Parisian Love

June 30, 2012
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I have seen the lovers every afternoon at two o’clock. They sit on the café patio at a table somewhat secluded from the others. From where I stand, I see two hazy figures lean closer to each other, their heads almost forming one shape. A kiss, one reaches for the other’s hand, a slight whisper. I yearn to feel that way.

One other afternoon, I notice one of the lovers seated alone at the café. I sit at a table nearby for the first time and wait as if I had a lover of my own.
The faint perfume of lilac coupled with a husky tinge of cigar smoke drift through the café. The woman, draped in a statement scarf leans back against her chair and takes a long, sensual drag on her designer cigarette. Cheeks caved in, eyes closed, smoke escaping through her nostrils. Alone in a bustling city in the hazy, French twilight, she taps her manicured fingernails on the aged wooden table, observing the various crowds of tourists and locals floating along. She waits for him.
He arrives, a sheepish expression plastered on his face. She acts stern at first, but kisses his rough cheek and she no longer remembers how long she waited.

Outside the café, in the Parisian square, a child stares at his mother. A toothless grin widens his face while she returns the same desiring look. Fleecy bits of hair have fallen from her once neat ponytail from the stresses of the day. Yet, radiance diffuses through her face at the sight of this infant. She no longer appears withered from motherhood. Her child grips her pointer finger while she runs her fingernails through his hair, gently scratching his scalp. Without hesitation, he leans into her body and relaxes once he smells her mother-scent.
Her other child, a mere toddler, waddles up to her and tugs at her dress made of aged and durable fabric. She does not turn her attention to him right away, so he persists until she loses her patience. Without thinking, she clutches his dainty fingers and her eyes fixate upon his until tears force their way out of his eyes. Hearing his wailing and screaming, she transforms from a demonic mother suffering from lack of sleep to the nurturing caregiver nature intended.
She grips both children to her breasts and woos both to sleep. It is as if her hands contain magic serum as she rubs their heads and backs.
I snap a photograph as I stand near the café, a decent distance away from them before I move on.

Further from the vibrant square, in the palatial gardens, a dog bounds through perfected grass. Those around him wince as his canine aroma soils the fragrant flowers. A man shouts and the dog halts. The animal turns and a trail of drool plops to the grass right on top of a pristine picnic blanket. Someone curses in French, but the dog bounds to his owner, oblivious of the irate looks thrown at him.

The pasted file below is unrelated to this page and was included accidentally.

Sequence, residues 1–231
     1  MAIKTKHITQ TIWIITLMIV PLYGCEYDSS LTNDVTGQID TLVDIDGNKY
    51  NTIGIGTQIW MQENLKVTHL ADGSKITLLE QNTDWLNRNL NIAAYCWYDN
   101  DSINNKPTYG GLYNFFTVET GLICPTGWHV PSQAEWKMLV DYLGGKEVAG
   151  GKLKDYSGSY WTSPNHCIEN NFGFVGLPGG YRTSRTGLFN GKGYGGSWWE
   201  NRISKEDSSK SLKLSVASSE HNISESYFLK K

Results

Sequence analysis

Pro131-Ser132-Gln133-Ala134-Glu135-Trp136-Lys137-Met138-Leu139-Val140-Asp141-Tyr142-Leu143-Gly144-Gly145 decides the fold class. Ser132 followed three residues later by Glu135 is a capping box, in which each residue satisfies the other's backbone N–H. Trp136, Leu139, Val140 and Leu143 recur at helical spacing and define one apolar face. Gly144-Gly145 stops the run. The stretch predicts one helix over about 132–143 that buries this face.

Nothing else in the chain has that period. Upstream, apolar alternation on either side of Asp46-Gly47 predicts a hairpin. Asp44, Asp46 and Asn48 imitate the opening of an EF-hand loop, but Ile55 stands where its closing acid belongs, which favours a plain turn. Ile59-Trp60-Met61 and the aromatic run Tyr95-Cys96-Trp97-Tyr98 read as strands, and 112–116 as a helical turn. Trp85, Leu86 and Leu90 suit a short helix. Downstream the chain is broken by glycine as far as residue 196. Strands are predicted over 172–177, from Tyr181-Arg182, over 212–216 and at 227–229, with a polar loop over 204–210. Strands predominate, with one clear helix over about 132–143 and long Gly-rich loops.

His owner throws him a twig broken from a newborn tree lining the edge of the garden. The dog sprints to another edge of the garden, searching and searching. Success. He finds it and returns to his owner, obedient as always.
The dog seeks reciprocation for his gift he brought back. A treat satiates him and he nestles against his owner, content in the pleasant warmth of the Parisian sun. His owner kisses the top of his head, the taste of fur in his mouth, but it doesn’t matter. Drool drops on his pressed khakis, but he barely notices.
I pass by the owner and his dog, my eyes roving over to them every so often, but I don’t want to stare. But I want to at the same time. A knot in my throat forms and I swallow it away.

I return back to my small house positioned comfortably between two peeling blue buildings. Lilies line the edge of our garden while our forgotten bird bath, filled with muddy water and rotting leaves, sits near the front door.
Inside, I slip off my ballet flats, blisters dotting the edge of my heel. I tiptoe into the kitchen and discover my mother kneading dough on the countertop. Flour on her hands and sprinkled in her licorice hair, she turns to me and her face starts to glow at the sight of me.
“Darling, come watch,” she says in a distinct voice. It reminds me of cinnamon and sun. A blend of France and wisdom.
I respond to her request by sitting on the barstool in front of her, watching her hands massage the dough until it is creamy to the touch. We sit like this for hours until afternoon blends into night and dinner.
As we sit together for our meal, a stray piece of hair falls from my ponytail. Absentmindedly, she reaches across the table and tucks it behind my ear. She pats my head for a moment and I sigh until she stops.
“I forget sometimes that you aren’t a child anymore,” she says.
“But I am your child,” I tell her.
“Yes, you’re right.”
I think of the lovers, the mother, and the pet owner. They all have each other. I glance at my mother and realize I never missed what they have. I have everything I need in this small but cozy kitchen. Maybe the true gift is finally understanding that you had everything you already needed because it was right before your eyes.

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